The Punchbowl: Golf’s Most Beloved Template
Template holes were popularized by Charles Blair Macdonald, often referred to as the father of American golf course design, in the early 1900s. He identified “ideal” holes at famous courses in Scotland like the Old Course at St. Andrews, North Berwick and Prestwick and started incorporating them into his early designs, starting with the National Golf Links of America in 1911. Seth Raynor, Macdonald’s protege, continued this tradition, and modern architects like Bill Coore and Tom Doak have also incorporated variations of template holes into their designs. There are over a dozen of these “templates”, including the Road Hole, Eden, Redan, Cape, Biarritz and Punchbowl. The Fried Egg, an expert in golf course architecture, does an excellent job of explaining each template hole here.
Recently on our Instagram page (@openlinksgolf), we asked our followers to name their favorite type of template hole. The results were:
1st place: Punchbowl (37% of the vote)
2nd place: Redan and Biarritz (25% of the vote each)
4th place: Cape (13% of the vote)
The Punchbowl is defined as a green that is surrounded by mounding or has higher edges on the sides and in back, leading to a bowl shape that funnels shots to the center. Punchbowl greens were originally built in the UK out of necessity – to better retain moisture on the greens – but modern irrigation allows architects to design them more for fun nowadays. We think that this “fun factor” had a lot to do with the Punchbowl being voted #1 by our followers as their favorite type of template. There is something exciting about watching your ball on the ground move towards the hole and, for the Punchbowls that are blind (e.g. “Alps” + “Punchbowl” template), it’s the anticipation of seeing where your ball ends up. Also, since Punchbowl greens funnel balls toward the pin, they yield more birdies (and possibly eagles) and nobody is going to complain about that!
The Punchbowl green on the 9th hole at Streamsong Black. Photo courtesy of William Watt (Caddie Magazine)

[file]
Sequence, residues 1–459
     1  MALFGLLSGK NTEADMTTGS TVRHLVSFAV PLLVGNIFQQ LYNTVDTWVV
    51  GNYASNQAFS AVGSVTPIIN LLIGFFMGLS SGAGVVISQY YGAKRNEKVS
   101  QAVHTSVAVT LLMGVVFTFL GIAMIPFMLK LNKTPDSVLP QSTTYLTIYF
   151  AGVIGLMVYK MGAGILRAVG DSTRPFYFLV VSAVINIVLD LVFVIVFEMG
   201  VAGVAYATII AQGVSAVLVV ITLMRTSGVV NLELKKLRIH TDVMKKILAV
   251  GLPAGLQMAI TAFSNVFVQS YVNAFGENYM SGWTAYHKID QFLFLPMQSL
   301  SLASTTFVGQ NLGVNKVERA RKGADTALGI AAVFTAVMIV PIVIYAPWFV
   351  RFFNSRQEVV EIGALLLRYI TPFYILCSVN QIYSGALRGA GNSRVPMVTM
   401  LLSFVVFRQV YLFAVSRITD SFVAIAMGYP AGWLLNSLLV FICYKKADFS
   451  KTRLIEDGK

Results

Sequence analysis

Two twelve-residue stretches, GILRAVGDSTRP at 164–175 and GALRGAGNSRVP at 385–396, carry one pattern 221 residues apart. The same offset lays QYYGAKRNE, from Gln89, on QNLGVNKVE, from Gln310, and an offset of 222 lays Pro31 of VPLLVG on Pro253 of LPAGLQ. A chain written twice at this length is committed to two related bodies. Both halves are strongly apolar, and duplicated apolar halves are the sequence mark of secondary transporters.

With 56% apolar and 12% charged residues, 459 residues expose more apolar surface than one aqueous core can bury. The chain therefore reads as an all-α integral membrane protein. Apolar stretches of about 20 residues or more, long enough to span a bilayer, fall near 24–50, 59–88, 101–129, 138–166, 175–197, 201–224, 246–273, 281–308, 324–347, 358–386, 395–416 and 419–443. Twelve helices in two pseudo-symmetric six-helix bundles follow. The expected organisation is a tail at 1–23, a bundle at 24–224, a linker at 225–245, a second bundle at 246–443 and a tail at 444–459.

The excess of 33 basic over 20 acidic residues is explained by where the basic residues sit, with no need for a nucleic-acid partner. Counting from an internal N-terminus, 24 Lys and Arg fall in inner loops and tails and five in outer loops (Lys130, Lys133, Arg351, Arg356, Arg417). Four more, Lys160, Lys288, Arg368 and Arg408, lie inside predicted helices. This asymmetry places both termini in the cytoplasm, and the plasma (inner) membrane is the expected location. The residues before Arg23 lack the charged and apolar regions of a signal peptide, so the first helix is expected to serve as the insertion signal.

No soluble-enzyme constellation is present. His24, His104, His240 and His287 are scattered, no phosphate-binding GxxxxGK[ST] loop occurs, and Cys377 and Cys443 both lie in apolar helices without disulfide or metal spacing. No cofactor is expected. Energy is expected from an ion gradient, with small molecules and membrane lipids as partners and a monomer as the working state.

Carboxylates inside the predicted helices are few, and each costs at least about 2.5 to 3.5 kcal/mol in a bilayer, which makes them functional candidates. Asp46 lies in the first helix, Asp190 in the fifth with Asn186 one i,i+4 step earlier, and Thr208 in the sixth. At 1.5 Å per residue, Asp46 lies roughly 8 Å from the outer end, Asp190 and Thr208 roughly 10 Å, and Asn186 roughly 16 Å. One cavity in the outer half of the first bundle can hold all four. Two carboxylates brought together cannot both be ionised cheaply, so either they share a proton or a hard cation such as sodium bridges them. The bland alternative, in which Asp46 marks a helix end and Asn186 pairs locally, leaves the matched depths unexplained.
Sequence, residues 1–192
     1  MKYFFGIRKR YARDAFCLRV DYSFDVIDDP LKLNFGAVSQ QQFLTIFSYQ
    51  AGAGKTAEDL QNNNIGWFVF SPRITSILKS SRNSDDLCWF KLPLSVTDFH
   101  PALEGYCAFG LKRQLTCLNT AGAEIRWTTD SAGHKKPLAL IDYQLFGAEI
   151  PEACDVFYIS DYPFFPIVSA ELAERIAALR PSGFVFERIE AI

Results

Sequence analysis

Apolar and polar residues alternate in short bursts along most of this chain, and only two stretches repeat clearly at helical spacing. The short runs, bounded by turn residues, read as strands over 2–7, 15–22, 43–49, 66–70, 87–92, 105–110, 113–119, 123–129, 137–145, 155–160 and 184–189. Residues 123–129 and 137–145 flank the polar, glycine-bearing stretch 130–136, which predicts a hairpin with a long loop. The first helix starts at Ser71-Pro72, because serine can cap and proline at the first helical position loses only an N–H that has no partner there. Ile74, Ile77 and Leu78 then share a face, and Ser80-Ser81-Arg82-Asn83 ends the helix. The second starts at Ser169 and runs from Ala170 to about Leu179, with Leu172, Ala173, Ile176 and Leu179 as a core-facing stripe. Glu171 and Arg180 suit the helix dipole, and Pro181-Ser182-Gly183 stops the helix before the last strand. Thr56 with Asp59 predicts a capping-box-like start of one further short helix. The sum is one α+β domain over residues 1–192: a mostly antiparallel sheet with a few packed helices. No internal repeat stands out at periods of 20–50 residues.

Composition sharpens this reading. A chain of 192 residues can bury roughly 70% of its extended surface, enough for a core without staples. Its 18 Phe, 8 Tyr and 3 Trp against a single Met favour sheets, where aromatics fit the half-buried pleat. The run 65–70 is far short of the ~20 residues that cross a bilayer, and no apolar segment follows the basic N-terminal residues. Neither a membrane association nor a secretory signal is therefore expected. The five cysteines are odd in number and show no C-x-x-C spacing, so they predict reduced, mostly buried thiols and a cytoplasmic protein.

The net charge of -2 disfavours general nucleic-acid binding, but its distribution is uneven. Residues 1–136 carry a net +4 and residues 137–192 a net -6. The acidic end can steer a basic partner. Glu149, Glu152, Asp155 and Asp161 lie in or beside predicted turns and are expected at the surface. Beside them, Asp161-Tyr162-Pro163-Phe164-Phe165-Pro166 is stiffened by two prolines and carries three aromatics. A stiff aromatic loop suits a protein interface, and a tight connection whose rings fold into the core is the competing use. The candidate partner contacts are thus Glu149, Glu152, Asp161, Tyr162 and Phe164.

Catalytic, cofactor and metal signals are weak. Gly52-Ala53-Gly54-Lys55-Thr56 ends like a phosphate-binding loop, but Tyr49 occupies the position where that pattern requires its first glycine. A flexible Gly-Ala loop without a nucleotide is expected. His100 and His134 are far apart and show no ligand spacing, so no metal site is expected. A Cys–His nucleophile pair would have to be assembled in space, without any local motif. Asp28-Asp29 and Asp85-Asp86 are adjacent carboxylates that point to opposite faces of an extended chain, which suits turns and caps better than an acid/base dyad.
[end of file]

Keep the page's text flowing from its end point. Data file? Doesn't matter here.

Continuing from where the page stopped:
There are many famous Punchbowls around the world. One of the first Punchbowls was at Royal Cinque Ports (aka Deal Golf Club) in southeastern England, and was built in 1895. As mentioned earlier, C.B. Macdonald and Seth Raynor popularized the template concept and have Punchbowl holes on nearly all of their courses. The 16th hole at National Golf Links of America on Long Island and the 4th hole at Fishers Island off the coast of southern Connecticut are two of their most famous. Some of the more famous modern versions of the Punchbowl can be found at publicly accessible courses, such as the 17th at Sand Valley in Wisconsin, the 9th at Streamsong Black in central Florida, and the 13th at the South course at Arcadia Bluffs in northern Michigan. We asked our followers what their favorite Punchbowl holes were from around the world and started a list below. If there are any that we missed, please let us know in the comments and we will add it to the list. The Punchbowl template is a reminder that golf should first and foremost be fun!
One of the OG Punchbowl holes: The 3rd at Royal Cinque Ports (Deal), built in the late 1800s. Photo courtesy of Royal Cinque Ports.
The 17th hole at Sand Valley. A modern Punchbowl by architects Bill Coore and Ben Crenshaw. Photo courtesy of Sand Valley resort.
Punchbowls built in the Classic era (prior to 1960)
Punchbowls built in the Modern era (after 1960)